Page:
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Dan Anderson filed suit against Union Pacific Railroad Company under the Federal Employers’ Liability Act, asserting that he suffered permanent injuries resulting from a fall during the course of his employment. The jury returned a special verdict for Anderson and awarded him damages of $920,007, which included $266,925 for past medical expenses. On appeal, Union Pacific challenged, among other things, the district court’s instructions to the jury on res ipsa loquitur. The Supreme Court reversed, holding that the district court committed reversible error in instructing the jury on res ipsa loquitur and in overruling Union Pacific’s resulting motion for new trial. Remanded for a new trial. View "Anderson v. Union Pacific Railroad Co." on Justia Law

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After Douglas County Youth Center terminated Daniel Archie’s employment, Archie brought an administrative appeal. The Douglas County Civil Service Commission reversed the termination and ordered that Archie be reinstated. The district court affirmed. The court of appeals reversed the decisions of the district court and the Commission and ordered that the termination of Archie’s employment be reimposed, concluding that the district court’s order was arbitrary, capricious, and unsupported by sufficient, relevant evidence. The Supreme Court reversed, holding that sufficient, relevant evidence supported the Commission’s decision and that the decision was not arbitrary and capricious. View "Douglas County v. Archie" on Justia Law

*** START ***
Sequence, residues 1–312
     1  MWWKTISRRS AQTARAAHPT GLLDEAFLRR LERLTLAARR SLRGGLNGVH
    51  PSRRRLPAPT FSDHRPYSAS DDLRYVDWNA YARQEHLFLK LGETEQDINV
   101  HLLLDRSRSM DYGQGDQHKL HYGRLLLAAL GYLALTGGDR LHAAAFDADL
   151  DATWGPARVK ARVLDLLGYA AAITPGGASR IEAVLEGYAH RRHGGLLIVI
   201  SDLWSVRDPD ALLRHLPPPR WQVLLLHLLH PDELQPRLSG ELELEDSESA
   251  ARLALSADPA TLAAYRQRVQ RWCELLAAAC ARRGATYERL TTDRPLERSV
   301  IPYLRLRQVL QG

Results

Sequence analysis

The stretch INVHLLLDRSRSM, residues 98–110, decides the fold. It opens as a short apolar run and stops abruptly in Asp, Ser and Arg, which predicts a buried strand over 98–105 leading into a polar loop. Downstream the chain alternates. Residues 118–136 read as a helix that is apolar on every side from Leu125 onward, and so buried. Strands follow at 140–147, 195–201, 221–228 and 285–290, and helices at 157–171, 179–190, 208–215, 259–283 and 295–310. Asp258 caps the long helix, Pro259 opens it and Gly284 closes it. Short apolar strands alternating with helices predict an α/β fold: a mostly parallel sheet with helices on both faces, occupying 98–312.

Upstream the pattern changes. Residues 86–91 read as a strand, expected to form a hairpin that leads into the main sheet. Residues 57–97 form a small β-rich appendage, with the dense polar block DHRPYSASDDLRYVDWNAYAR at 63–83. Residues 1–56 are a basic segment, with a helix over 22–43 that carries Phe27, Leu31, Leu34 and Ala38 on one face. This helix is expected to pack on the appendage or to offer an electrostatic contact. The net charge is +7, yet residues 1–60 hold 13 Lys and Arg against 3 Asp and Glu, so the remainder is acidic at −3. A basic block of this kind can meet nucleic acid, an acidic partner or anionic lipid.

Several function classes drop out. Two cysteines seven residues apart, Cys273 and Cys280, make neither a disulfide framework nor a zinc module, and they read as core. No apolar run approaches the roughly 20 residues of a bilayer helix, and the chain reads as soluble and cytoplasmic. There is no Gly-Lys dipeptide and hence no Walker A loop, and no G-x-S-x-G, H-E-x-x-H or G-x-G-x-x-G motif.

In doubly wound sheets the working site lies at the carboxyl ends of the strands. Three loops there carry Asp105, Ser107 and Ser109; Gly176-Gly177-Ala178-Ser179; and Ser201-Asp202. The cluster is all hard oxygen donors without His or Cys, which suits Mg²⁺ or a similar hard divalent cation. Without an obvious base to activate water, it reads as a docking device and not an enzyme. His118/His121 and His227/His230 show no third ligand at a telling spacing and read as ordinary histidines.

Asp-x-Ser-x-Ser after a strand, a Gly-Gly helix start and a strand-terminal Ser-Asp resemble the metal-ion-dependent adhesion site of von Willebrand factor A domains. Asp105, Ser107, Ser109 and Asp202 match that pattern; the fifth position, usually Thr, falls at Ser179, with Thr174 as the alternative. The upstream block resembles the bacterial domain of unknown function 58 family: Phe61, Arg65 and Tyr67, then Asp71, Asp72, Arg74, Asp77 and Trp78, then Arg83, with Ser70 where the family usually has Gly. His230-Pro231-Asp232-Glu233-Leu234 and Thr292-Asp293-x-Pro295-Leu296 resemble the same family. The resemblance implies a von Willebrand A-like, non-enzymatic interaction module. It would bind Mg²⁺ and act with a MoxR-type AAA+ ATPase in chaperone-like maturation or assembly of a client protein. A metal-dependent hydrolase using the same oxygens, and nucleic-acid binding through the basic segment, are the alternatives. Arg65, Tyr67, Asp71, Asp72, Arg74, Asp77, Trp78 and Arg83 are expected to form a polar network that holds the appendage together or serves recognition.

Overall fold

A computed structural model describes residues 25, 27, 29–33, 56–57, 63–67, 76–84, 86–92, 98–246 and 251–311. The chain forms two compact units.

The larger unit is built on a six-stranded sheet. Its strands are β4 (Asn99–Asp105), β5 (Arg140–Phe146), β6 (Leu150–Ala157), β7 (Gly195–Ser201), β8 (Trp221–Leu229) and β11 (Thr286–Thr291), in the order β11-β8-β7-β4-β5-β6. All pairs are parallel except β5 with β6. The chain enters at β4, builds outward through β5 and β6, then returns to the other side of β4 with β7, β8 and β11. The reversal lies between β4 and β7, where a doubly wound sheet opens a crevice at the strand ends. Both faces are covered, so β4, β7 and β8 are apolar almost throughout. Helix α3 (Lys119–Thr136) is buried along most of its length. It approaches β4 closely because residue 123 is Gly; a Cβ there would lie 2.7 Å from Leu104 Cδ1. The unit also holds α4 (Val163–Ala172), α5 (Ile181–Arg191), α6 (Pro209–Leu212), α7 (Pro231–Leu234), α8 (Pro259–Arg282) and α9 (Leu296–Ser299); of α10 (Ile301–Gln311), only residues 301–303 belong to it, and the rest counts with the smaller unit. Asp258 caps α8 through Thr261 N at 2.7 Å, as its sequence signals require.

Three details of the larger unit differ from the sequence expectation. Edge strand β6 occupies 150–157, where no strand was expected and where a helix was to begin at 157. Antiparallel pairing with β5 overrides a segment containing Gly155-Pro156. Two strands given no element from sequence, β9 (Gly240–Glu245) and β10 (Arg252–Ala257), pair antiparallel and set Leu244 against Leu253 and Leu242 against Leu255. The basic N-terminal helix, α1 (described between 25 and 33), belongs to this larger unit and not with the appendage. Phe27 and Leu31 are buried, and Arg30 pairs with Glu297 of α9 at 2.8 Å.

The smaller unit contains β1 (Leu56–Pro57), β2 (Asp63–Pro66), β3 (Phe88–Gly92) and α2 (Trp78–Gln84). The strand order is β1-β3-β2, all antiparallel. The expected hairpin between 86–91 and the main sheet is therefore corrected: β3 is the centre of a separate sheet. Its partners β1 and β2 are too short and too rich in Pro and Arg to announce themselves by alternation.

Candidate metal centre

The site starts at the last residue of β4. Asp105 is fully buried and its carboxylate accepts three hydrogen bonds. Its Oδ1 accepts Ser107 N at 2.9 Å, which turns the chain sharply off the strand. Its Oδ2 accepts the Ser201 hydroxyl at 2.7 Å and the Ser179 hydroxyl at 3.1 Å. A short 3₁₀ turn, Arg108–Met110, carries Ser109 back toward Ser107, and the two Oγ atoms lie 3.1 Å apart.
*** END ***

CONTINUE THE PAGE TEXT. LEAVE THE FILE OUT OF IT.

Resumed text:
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Bruce Evertson was killed in a two-vehicle accident during the course and scope of his employment. Bruce’s estate filed a wrongful death claim against the insurer of the other driver. The county court accepted a settlement in the matter and allocated the proceeds among Bruce’s widow, Darla Evertson, and adult children. Darla received workers’ compensation benefits from Travelers Indemnity Company as a result of Bruce’s death. Travelers filed a subrogation claim to Darla’s settlement proceeds. The county court ordered that Travelers was not entitled to any distribution of Darla’s proceeds and did not provide Travelers any future credit against the workers’ compensation benefits it owed Darla. The court of appeals affirmed. The Supreme Court vacated the decision of the court of appeals and remanded with directions to vacate the order of the county court, holding that the county court lacked subject matter jurisdiction to hear and decide the subrogation matter. View "In re Estate of Evertson" on Justia Law